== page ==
How Big Is a Chunk?

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Science  08 Feb 1974:
Vol. 183, Issue 4124, pp. 482-488
DOI: 10.1126/science.183.4124.482


I have explored some of the interactions between research on higher mental processes over the past decade or two and laboratory experiments on simpler cognitive processes. I have shown that, by viewing experimentation in a parameter-estimating paradigm instead of a hypothesis-testing paradigm, one can obtain much more information from experiments—information that, combined with contemporary theoretical models of the cognitive processes, has implications for human performance on tasks quite different from those of the original experiments.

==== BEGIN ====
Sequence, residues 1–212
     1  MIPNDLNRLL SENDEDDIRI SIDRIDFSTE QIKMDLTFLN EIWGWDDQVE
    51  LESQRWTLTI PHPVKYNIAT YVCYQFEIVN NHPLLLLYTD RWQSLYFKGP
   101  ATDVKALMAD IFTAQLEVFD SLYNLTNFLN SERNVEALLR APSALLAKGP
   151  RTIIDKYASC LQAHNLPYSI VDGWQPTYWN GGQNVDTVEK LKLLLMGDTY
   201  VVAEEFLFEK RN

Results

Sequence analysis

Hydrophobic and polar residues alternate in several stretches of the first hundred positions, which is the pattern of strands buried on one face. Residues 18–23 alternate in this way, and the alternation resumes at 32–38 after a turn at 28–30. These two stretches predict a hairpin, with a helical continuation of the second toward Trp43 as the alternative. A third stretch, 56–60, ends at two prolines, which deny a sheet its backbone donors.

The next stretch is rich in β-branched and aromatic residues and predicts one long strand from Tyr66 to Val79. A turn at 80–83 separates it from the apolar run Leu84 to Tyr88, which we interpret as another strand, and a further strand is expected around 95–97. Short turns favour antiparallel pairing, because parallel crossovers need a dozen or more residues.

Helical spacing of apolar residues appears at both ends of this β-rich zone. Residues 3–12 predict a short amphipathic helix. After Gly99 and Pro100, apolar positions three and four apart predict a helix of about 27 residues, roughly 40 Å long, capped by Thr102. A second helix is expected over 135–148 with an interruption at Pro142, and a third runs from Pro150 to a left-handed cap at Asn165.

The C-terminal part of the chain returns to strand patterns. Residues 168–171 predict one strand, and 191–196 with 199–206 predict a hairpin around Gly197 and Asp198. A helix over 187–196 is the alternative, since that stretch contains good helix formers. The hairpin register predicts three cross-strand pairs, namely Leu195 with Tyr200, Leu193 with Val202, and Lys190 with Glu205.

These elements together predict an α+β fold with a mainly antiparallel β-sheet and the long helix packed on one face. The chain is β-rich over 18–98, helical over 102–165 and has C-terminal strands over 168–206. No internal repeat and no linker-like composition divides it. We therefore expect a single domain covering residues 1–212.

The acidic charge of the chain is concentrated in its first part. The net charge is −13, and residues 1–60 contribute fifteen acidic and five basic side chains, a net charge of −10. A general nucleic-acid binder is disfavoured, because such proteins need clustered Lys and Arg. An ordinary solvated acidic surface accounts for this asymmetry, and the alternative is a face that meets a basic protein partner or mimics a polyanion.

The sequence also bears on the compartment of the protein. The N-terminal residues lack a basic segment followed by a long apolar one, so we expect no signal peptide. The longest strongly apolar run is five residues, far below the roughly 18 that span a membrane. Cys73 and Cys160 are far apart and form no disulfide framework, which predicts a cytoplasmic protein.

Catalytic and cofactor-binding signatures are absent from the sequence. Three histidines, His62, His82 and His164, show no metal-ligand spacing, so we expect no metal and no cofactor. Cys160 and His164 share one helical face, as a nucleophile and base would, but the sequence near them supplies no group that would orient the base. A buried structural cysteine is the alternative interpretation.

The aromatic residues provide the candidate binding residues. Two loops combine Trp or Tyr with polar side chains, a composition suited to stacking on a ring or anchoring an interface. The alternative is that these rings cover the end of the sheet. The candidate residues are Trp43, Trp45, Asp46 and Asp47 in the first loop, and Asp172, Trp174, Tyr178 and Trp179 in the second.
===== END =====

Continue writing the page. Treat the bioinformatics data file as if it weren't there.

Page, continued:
The work of identifying and measuring the basic parameters of the human information processing system has just begun, but already important information has been gained. The psychological reality of the chunk has been fairly well demonstrated, and the chunk capacity of short-term memory has been shown to be in the range of five to seven. Fixation of information in longterm memory has been shown to take about 5 or 10 seconds per chunk.

Some other "magical numbers" have been estimated—for example, visual scanning speeds and times required for simple grammatical transformations—and no doubt others remain to be discovered. But even the two basic constants discussed in this article—short-term memory capacity and rate of fixation in long-term memory—organize, systematize, and explain a wide range of findings, about both simple tasks and more complex cognitive performances that have been reported in the psychological literature over the past 50 years or more.